None of it really struck me as being bizarre growing up. My father’s mania over what he cooked and what he fed us became second nature in our household. I didn’t really understand at the time that food was an escape for my father. But even as a child I knew if something was up, making his kids a muffaletta sandwich was his way of saying “Everything is all right.” It became a canvas for him to express his creativity, a means to channel his soul. The strains of a 12-hour-a-day corporate job might have left my father in a feral, crazed stupor after all these years (I can only imagine that would be the case if I was in his shoes), but I guess cooking was an outlet to protect his sanity. At the end of day, the plates of food he arranged probably brought him satisfaction through a means other hobbies might not have been able to. Plopping plates of meals he arranged on the kitchen table with a face of unabated triumph, watching his family eat his food with expressions of primitive joy and satisfaction — those were the moments he valued most when he came home, I think. And watching my father paint portraits of love and soul through the meals he made led me down a path that embraced food along a similar vein.
There were (many) days where my father had a habit of making something he had never cooked before — usually while we were watching “Chopped” or “Iron Chef.” Watching television chefs animatedly try to shoehorn durian or jackfruit or stinky tofu (or whatever other obscure fruits and vegetables you could imagine) into their various dishes must have lit a bulb in his head. The shift from “bored man watching TV with kids” to “fervent man whose synapses won’t stop firing” was funnily abrupt and blatant.
Sometimes those days excited me, but sometime I also sat in my living room with a mix of fear and awe at what was to come out of the kitchen in a few hours. Whether or not those experiments panned out (though they did more often than not), watching his process was what caught my attention more than the meals he cooked. He was an impassioned man in those moments, a man who couldn’t be pulled from his stove or oven no matter how much one tried.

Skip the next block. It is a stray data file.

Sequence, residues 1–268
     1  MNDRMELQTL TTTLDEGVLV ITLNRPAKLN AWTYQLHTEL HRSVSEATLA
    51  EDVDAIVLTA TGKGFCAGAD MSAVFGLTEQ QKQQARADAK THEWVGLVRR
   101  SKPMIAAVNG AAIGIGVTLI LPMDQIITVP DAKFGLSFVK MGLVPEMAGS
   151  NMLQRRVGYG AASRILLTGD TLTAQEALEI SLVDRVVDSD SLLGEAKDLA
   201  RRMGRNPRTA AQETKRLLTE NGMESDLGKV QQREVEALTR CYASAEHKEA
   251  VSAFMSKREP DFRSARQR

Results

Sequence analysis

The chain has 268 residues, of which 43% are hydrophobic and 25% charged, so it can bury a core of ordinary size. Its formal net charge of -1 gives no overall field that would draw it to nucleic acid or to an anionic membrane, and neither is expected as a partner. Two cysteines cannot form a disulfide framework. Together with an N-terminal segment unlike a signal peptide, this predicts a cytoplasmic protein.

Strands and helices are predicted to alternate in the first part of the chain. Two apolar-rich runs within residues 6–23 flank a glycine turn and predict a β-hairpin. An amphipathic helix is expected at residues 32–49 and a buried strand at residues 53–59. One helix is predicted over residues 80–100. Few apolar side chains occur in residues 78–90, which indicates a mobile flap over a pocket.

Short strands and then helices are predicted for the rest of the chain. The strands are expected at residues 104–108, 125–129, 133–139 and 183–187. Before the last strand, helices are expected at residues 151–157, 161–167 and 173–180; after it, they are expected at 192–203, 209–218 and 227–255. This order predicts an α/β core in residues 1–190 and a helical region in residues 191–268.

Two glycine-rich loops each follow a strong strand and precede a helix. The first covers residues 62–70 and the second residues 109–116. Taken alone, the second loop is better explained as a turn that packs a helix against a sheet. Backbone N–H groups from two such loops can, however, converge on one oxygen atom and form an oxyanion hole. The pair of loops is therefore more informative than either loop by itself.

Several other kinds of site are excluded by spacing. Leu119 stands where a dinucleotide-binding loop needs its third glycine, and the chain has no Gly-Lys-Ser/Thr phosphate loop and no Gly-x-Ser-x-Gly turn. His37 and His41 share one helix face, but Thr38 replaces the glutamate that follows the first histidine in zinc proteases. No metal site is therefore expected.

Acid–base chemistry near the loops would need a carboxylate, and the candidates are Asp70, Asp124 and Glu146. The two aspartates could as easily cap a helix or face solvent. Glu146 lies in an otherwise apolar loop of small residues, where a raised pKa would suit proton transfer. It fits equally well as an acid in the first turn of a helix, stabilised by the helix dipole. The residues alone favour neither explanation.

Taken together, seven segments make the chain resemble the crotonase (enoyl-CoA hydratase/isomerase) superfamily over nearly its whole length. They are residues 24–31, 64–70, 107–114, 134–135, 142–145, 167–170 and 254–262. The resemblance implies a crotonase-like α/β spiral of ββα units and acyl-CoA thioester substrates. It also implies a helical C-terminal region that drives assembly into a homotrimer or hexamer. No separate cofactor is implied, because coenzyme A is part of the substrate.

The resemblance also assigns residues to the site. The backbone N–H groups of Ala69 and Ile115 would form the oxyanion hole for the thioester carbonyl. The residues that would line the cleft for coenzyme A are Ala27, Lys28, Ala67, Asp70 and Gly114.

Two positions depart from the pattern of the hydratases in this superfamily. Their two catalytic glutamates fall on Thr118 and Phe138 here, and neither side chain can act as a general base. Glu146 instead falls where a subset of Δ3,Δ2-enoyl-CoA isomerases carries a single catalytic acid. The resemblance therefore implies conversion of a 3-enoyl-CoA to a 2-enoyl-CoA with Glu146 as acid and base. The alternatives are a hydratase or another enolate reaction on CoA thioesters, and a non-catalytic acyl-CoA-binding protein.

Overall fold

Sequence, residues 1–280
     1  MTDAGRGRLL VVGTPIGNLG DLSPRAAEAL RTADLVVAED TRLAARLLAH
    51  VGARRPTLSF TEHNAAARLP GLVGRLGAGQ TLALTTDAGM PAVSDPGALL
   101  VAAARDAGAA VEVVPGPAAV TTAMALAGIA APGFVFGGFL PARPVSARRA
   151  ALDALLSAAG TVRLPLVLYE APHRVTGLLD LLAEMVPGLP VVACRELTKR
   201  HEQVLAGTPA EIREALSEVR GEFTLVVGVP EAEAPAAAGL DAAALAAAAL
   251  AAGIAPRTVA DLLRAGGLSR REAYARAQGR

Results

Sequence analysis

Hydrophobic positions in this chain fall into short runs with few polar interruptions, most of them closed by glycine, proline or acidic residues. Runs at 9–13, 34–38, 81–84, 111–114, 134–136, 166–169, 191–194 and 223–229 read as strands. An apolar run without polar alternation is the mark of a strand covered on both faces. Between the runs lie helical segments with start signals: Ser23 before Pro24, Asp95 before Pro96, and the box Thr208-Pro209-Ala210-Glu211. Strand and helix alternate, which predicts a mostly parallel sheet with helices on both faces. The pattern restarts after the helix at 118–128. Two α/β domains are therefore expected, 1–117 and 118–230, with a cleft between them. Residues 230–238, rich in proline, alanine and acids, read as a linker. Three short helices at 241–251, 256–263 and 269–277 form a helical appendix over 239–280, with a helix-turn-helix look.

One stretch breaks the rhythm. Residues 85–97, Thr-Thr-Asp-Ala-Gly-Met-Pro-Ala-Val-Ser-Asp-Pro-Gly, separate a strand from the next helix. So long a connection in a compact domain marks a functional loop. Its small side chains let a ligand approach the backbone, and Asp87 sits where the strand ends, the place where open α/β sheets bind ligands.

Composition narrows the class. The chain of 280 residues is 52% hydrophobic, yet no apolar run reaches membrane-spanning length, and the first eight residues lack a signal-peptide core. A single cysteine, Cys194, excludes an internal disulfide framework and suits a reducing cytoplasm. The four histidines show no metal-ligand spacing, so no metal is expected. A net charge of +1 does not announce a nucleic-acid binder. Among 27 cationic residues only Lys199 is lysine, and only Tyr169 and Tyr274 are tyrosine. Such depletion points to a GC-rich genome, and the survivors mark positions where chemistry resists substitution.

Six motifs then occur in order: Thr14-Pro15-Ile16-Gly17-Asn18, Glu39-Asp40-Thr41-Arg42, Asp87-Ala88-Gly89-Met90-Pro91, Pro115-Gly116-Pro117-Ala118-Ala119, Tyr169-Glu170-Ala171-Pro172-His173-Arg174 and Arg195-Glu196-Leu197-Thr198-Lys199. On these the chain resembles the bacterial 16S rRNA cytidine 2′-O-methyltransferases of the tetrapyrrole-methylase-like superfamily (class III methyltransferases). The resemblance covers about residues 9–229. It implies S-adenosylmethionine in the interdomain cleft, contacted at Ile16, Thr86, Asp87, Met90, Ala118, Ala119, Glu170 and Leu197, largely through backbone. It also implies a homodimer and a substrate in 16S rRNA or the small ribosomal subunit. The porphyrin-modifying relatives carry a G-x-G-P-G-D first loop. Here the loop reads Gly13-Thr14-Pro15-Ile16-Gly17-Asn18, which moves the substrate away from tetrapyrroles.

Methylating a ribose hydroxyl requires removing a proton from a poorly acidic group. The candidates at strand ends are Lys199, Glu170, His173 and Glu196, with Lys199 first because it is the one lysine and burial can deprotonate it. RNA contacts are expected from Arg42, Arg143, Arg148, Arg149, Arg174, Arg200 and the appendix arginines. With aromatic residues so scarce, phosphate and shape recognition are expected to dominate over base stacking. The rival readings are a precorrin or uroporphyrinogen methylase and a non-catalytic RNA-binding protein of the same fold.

There were times when he’d ask me to come sit with him when he was preparing that night’s dinner. Sometimes, I indulged him. But looking back, I wish I had accompanied him more often. Watching him cook those nights felt like watching an artisan ply his craft, or watching a strained man expunge his stresses and worries through a labor of passion. No matter if he was at the grill, nursing the stove or chopping vegetable after vegetable on the countertop, the different lens through which he saw life from the graces of the food he was making was always evident. The effort he put in requited my fascination. The personal triumphs he expressed were met with my embrace.
Nowadays, I waste my friends’ time by talking about some new condiment I found at Babo, the meat my father, brother and I smoked during the holidays, or my love for a dish at a restaurant I discovered a weekend or two ago. My friends sometimes like to parrot jokes about my pretentious obsessions, but when it comes to food I’ve always felt there to be a fine line between pretension and passion. I’m not sure if my love for food was a product of an innate predisposition my father and I happened to share, or a product of being caught in the middle of my dad’s illustrious form of an escape (or even just a result of pretentious inclinations). But the countless weekends I spent with him watching him cook, or binge watching Anthony Bourdain’s “No Reservations” while my mother was at work, created a relationship rooted deeply in the virtues of food. Food is a passion for my father, and it’s a passion he couldn’t help but share with me. As a family, we’ve had our trials and we’ve had our tribulations, but food has been the constant that has bound us together. It’s how I learned to feel love and passion. That’s something I can only thank my father for.
When people ask me what I miss most about home, I don’t really have a singular answer. I honestly couldn’t care less about any specific place or thing left back in Plainfield. Truly, if I could just see my father in the kitchen more often, that’d be enough for me.